How much magnification can I use with my CPC scope, and how much is too much?
January 23, 2018
There are practical limits of magnification for telescopes. These are determined by the laws of optics and the nature of the human eye. As a rule of thumb, the maximum usable power is equal to 50-60 times the aperture of the telescope (in inches) under ideal conditions. Powers higher than this usually give you a dim, lower contrast image. For example, the maximum power on a 279 mm telescope (11” aperture) is in the range 550x-660x. As power increases, the sharpness and detail seen will be diminished. The higher powers are mainly used for lunar, planetary, and binary star observations.
Most of your observing will be done with lower powers (6 to 25 times the aperture of the telescope in inches). With these lower powers, the images will be much brighter and crisper, providing more enjoyment and satisfaction with the wider fields of view.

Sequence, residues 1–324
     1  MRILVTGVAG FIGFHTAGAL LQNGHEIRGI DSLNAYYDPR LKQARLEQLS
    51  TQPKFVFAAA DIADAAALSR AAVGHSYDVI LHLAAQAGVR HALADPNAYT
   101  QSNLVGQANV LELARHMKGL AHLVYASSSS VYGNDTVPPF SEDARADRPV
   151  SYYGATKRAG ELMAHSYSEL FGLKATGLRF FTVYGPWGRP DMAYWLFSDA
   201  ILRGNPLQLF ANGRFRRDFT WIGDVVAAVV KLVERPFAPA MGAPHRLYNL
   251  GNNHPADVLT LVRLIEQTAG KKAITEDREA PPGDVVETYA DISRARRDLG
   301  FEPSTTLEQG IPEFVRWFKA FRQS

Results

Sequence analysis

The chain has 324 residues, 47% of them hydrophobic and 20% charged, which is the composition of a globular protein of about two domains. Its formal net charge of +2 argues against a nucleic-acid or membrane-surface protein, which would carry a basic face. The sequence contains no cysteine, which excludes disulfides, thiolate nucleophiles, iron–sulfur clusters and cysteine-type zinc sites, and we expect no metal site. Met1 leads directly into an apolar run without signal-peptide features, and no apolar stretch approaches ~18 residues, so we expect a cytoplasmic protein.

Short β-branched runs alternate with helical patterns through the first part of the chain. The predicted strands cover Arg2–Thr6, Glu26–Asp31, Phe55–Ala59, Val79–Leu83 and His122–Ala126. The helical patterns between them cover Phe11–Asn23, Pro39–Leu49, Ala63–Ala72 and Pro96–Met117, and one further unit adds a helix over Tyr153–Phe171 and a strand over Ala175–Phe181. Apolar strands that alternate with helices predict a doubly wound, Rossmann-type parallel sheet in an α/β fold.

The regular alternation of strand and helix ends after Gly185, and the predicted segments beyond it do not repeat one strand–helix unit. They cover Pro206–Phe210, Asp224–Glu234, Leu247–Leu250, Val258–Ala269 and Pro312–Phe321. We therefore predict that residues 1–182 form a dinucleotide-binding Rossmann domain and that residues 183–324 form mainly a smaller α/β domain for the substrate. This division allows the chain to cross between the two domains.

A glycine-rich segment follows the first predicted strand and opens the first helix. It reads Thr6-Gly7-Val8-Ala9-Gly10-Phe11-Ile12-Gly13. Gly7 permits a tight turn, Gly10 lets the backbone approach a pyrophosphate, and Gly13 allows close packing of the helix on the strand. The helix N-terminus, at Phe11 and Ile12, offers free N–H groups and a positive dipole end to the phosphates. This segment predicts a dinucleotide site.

Even with a lower-power eyepiece, a view can be blurry because of the Earth’s atmosphere. Heat waves and high-altitude winds move air around and cause differing temperatures of air to mix. This makes the air act like a weak lens that interferes with the light from a planet or a star by defocusing it. On nights that are like this, the situation gets worse when you magnify it using an even higher power eyepiece.
A good way to increase magnification is to use a Barlow lens. A Barlow lens rated at 2x can be used with your existing eyepiece and will double the magnification of any existing eyepiece.